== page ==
On April 5th, Ohio EPA Director Nally testified on the Agency's proposed budget before the House Finance and Appropriations – Agriculture and Natural Resources Subcommittee.  According to the Director's Testimony, Ohio EPA is not asking for any fee increases.  Ohio EPA's proposed budget calls for a reduction of 11.8% for fiscal year 2012 and 13.8% for fiscal year 2013.  To meet these budget reductions, the Agency is planning on reducing 53 current positions through attrition.

The Director also mentioned the consolidation of the Division of Hazardous Waste Management  (DHWM) into the Division of Solid & Infectious Waste (DSIWM) along with other components in the Division of Emergency Remedial Response (DERR).  DHWM's permitting and inspection activities will be in DSIWM and clean up will be with DERR.

In addition to budget reductions and the consolidation of DHWM, Director Nally also hinted at other initiatives the Agency is planning to undertake in the near future. 

New Ohio EPA Initiatives

“In-lieu Fee” Program –  The Director signaled potential significant change on wetland and stream mitigation requirements.  Typically the 404/401 permit applicant must find appropriate mitigation projects and include those proposals in their permit application.  With an “in-lieu fee" program, the applicant is relieved of the burden of finding a mitigation project .  Rather, the applicant pays a few based on the acreage of wetlands or feet of stream impacted by the project.  The Director has recently announced a "listening session" to hear from the regulated community and others regarding the proposal.

Permitting efficiencies/Permitting Backlog – Most every Ohio EPA Director faces the pressure to get permits out the door faster.  Director Nally is no different.  Upon taking office, he announced this would be a top priority of his administration.  His testimony suggests he will be re-looking at permit-by-rule and general permits to streamline permit approvals.  While the Agency has utilized these tools in the past, business complain that the terms and requirements are too onerous.  Modifying air permitting requirements can present unforeseen issues, as the business community learned after the Courts stepped in blocking major changes adopted in Senate Bill 265.

IT initiatives and Compliance Assistance –  Ohio EPA has moved toward allowing more reports and permitting to be performed using the web or through special electronic systems.  These systems provide flexibility, but businesses complain they can be difficult to use.  The Director announced training sessions to assist businesses with understanding how to use these systems better. 

Brownfields redevelopment – The Director testimony contained a vague reference to a new initiative with brownfield redevelopment.  The current structure has the Ohio Dept. of Development passing out the grant money and Ohio EPA monitoring the clean up.  It will be interesting to watch whether Ohio EPA announces new initiatives in this area to accelerate re-use of  brownfields.

Marcellus and Utica Shale – ODNR has the lead with regard to permitting for gas exploration.  However, U.S. EPA has indicated it will be closely watching and may exercise enforcement authority at sites where drilling has gone wrong or resulted in polluted groundwater.  The Director intends to support ODNR's efforts in light of U.S. EPA's scrutiny.

Expedited Settlement Program (ESP) -- No details were given regarding this new concept to accelerate resolution of enforcement actions.  Here was the Director's testimony...Given my priority of compliance first, I am initiating modifications to the current enforcement process to help drive quicker compliance.  Historically, the existing enforcement options have been time consuming and resource intensive for both the agency and the regulated entity. By developing new steps to be used early in the enforcement process, I hope to resolve uncomplicated cases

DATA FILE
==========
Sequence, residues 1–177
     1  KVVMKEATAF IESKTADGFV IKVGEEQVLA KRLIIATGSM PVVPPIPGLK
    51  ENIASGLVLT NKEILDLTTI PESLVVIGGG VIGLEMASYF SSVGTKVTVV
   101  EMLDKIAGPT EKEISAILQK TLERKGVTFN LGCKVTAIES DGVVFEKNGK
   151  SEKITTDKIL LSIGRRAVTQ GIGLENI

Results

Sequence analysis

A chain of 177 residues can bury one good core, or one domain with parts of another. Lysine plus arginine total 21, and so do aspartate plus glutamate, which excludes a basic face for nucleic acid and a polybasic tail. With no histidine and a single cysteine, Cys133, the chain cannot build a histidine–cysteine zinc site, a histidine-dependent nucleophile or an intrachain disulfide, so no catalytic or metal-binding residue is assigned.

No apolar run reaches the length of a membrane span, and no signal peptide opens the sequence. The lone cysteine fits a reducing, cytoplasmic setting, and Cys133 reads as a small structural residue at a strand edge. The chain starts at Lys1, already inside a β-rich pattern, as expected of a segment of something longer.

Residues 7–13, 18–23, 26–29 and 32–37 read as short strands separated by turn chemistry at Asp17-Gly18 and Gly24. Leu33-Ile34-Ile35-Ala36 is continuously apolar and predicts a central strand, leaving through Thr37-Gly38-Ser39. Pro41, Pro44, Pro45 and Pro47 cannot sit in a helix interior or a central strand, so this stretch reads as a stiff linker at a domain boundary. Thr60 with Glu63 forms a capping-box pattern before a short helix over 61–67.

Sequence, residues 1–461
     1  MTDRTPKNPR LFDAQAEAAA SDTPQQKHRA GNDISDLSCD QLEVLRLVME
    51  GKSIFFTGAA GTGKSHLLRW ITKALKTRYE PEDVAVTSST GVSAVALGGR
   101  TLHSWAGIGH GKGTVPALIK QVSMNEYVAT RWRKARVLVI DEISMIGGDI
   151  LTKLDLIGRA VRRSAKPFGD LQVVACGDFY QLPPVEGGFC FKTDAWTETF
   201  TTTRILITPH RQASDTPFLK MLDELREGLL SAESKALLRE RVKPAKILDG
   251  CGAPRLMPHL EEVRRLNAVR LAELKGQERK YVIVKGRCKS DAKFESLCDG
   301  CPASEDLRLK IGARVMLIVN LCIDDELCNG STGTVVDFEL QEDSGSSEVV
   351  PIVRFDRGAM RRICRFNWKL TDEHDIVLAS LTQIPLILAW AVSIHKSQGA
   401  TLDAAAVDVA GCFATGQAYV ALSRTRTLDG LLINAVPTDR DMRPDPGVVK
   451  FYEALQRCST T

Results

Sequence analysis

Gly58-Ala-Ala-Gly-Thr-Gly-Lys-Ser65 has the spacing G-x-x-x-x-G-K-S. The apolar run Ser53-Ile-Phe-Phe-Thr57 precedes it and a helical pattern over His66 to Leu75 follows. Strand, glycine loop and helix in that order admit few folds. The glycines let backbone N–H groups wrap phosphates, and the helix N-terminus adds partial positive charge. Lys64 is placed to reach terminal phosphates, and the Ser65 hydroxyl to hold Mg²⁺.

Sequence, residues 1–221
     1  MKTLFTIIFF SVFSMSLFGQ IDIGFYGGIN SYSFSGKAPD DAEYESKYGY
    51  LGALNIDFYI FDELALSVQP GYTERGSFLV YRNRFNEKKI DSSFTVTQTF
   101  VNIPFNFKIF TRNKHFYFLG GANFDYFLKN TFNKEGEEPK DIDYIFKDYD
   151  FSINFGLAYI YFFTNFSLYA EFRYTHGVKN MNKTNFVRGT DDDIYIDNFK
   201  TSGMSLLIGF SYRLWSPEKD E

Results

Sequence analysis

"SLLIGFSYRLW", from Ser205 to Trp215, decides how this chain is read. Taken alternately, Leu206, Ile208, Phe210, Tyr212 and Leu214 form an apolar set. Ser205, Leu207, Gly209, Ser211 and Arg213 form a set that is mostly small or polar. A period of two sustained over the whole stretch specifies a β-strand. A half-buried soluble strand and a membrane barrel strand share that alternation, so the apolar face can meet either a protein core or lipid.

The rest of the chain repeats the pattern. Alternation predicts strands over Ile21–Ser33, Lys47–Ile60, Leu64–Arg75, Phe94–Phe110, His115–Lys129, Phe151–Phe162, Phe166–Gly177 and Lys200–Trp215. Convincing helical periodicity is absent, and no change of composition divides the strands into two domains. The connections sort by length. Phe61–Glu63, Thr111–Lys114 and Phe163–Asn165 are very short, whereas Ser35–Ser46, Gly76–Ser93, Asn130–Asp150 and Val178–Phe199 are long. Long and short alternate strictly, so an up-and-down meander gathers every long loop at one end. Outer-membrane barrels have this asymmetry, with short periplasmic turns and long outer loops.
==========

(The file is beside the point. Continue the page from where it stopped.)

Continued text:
expeditiously, putting a facility on notice of a problem, and quickly achieving compliance. 

Perhaps Ohio EPA intends to make modifications at the Notice of Violation (NOV) stage.  The Agency could improve tracking of NOVs and notify businesses more quickly when issues have been resolved.

The Director's testimony did provide a good insight into his early priorities.  Details were not provided so we will need to watch closely as they are released.

Key Lessons for Businesses from a Rare State Court Air Regulatory Decision

You don't often get State court decisions on environmental law, especially on air permitting issues.  Recently, the 10th Appellate Court in Columbus issued a decision that has at least a few major implications for businesses in Ohio.  State of Ohio ex rel Ohio Atty. Gen. v. The Shelly Holding Co, et. al.,

There is a good summary of the facts behind the case and a discussion of the legal conclusions the Court reached on the blog American College of Environmental Lawyers by longtime environmental attorney Mike Hardy.  I won't repeat the history of the case here.  Rather, let me highlight the major implications from the ruling for businesses that operate air sources within Ohio.

Ohio EPA's Permit Backlog

Up until 2008, air sources were first issued a permit to install (PTI) to construct and start-up.  Then the source had to obtain a permit to operate (PTO) for continued operation.  With nearly 70,000 regulated air sources Ohio EPA had thousands of backlogged PTO applications.

To address the issue going forward, the law was changed in June 2008 and new sources could obtain a combined PTIO permit.  This reduced the need for two permits from 2 to 1 and extended the effectiveness from five years (PTO) to ten years (PTIO). (Click here for Ohio EPA chart on difference between the programs).

This was a good fix going forward, but what about businesses who were stuck with the system that existed prior to 2008?  The Court's ruling on potential to emit (see below) shows the danger of the Agency's failure to act on a timely basis.  Shelly submitted timely applications, but was placed at a major disadvantage because the Agency failed to act on those applications on a timely basis.

Key Lesson #1:  Even if a business fulfills its obligations on a timely basis it still can be placed at a regulatory disadvantage based on the Agency's failure to act.

What is a Source's Potential to Emit